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Inferring the nature of linguistic computations in the brain

  • Sanne Ten Oever,

    Affiliations Language and Computation in Neural Systems Group, Max Planck Institute for Psycholinguistics, Nijmegen, the Netherlands, Donders Centre for Cognitive Neuroimaging, Radboud University, Nijmegen, the Netherlands, Department of Cognitive Neuroscience, Faculty of Psychology and Neuroscience, Maastricht University, Maastricht, the Netherlands

  • Karthikeya Kaushik,

    Affiliations Language and Computation in Neural Systems Group, Max Planck Institute for Psycholinguistics, Nijmegen, the Netherlands, Donders Centre for Cognitive Neuroimaging, Radboud University, Nijmegen, the Netherlands

  • Andrea E. Martin

    Affiliations Language and Computation in Neural Systems Group, Max Planck Institute for Psycholinguistics, Nijmegen, the Netherlands, Donders Centre for Cognitive Neuroimaging, Radboud University, Nijmegen, the Netherlands


Sentences contain structure that determines their meaning beyond that of individual words. An influential study by Ding and colleagues (2016) used frequency tagging of phrases and sentences to show that the human brain is sensitive to structure by finding peaks of neural power at the rate at which structures were presented. Since then, there has been a rich debate on how to best explain this pattern of results with profound impact on the language sciences. Models that use hierarchical structure building, as well as models based on associative sequence processing, can predict the neural response, creating an inferential impasse as to which class of models explains the nature of the linguistic computations reflected in the neural readout. In the current manuscript, we discuss pitfalls and common fallacies seen in the conclusions drawn in the literature illustrated by various simulations. We conclude that inferring the neural operations of sentence processing based on these neural data, and any like it, alone, is insufficient. We discuss how to best evaluate models and how to approach the modeling of neural readouts to sentence processing in a manner that remains faithful to cognitive, neural, and linguistic principles.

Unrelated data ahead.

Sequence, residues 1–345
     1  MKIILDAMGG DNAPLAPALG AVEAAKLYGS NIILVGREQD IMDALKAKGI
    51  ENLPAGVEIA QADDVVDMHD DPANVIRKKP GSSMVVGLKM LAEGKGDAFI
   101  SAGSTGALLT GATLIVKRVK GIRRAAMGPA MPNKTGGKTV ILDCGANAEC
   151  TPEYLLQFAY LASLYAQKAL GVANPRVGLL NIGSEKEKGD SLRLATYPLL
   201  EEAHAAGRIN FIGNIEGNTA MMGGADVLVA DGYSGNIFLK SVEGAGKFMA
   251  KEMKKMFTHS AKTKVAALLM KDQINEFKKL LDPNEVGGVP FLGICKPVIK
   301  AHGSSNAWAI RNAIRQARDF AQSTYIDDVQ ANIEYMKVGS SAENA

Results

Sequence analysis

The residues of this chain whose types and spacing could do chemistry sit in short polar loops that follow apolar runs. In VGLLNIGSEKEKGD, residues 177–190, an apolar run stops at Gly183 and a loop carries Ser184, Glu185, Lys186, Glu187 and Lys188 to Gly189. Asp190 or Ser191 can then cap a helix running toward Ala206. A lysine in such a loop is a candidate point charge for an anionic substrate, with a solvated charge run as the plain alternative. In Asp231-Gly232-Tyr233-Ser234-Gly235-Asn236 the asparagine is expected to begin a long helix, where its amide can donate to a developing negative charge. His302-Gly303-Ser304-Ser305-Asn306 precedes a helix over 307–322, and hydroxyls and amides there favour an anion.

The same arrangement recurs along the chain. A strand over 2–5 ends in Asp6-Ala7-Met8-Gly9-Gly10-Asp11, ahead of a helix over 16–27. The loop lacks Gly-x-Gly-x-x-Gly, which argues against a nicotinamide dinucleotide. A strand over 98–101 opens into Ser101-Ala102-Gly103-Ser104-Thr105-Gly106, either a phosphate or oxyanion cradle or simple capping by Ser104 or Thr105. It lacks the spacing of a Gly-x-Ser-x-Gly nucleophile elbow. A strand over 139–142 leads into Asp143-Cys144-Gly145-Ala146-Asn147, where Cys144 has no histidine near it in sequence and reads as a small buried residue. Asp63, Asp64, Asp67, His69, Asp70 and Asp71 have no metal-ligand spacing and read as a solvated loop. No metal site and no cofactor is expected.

Language is not contained in the physicality of speech, sign, or text; rather, the brain must construct meaning from the sensation of the physical input based on internal knowledge. To infer sentence meaning, we need to understand individual words as well as how these words structurally relate to each other. Ding and colleagues [1] showed that the human brain is sensitive to linguistic structure by presenting adjective-noun-verb-noun sentences containing a noun and a verb phrase (NP and VP, respectively). The stimuli are presented at a 4-Hz rate and contain only a 4-Hz acoustic signal. Nonetheless, they find that participants’ MEG responses show peaks not only at the acoustic (4-Hz) rate, but also at the sentence (1-Hz) and phrasal (2-Hz) rate. There has been a wide debate, based on this finding, about what the computational neural principles governing linguistic structure processing are.

One way to explain the Ding and colleagues data [1] is to assume that the brain has explicit models of linguistic structures that are imposed on the stimulus input ([2]; also see [3]). The 1-Hz patterns follow as the brain has an explicit response to sentences. Alternatively, a response to sentence structure is extracted from the statistics in the stimulus input. Frank and Yang [4] showed that by concatenating distributed semantic representations of words, a 1-2-4-Hz pattern also emerges. As such, the authors state that the 1-Hz response does not require an explicit model of sentence structure and distributed associative representations in the brain can explain the data [4].